biology question #1723



Ashley, a 16 year old female from Langenburg, Saskatchewan asks on December 4, 2003,

Q:

Does population density affect fish growth rates? I'm trying to determine if population density affects the growth rate of fish. I have two containers that are the same size. In one container I have a very low population density and in the other I have a high population density. I make sure I feed all the fish the same amount. Would the population density have an effect on the fish? Does availability of space determine how quickly they can grow?

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the answer

Allen Curry, Professor, University of New Brunswick, Fredrickton answered on March 3, 2005, A:

Yes, the density will affect the growth of the fishes. We know that closed systems like your containers have a limited carry capacity (that is the key element for aquaculture and the aquarium fish business). That means there is only so much biomass (total mass of all living things) that can be sustained in a container of a given size, so the bigger the container the more fish it will support (assuming they are fed and cleaned regularly).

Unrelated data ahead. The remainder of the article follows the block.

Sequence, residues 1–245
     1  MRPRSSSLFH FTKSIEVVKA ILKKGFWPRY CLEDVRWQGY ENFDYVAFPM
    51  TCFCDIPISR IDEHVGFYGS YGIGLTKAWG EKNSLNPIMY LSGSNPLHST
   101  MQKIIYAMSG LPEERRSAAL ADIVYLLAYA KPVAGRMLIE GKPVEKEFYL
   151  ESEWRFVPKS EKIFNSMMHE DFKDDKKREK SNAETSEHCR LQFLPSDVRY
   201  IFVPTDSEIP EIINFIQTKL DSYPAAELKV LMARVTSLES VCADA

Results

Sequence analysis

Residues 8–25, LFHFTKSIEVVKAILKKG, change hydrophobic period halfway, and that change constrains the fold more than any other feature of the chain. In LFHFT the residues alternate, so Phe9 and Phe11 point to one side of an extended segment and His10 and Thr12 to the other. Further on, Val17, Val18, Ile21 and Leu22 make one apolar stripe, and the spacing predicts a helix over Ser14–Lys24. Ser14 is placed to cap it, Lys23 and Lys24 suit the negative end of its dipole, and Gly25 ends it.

Out in the wild however, the answer is usually no, we don't see density affecting growth. The reason is that wild systems tend to be open with very complex inputs and outputs. When fish biomass starts to increase--that can be the number of fish or the total weight of all fish--the population of fish responds by either reducing its numbers ( leaving the area, suffering greater number of deaths from predators, lower birthrate) or they lower their growth rate, that is, they stop growing. So in the wild, we rarely ever see that density affects growth because many other things happen before these two factors affect each other.

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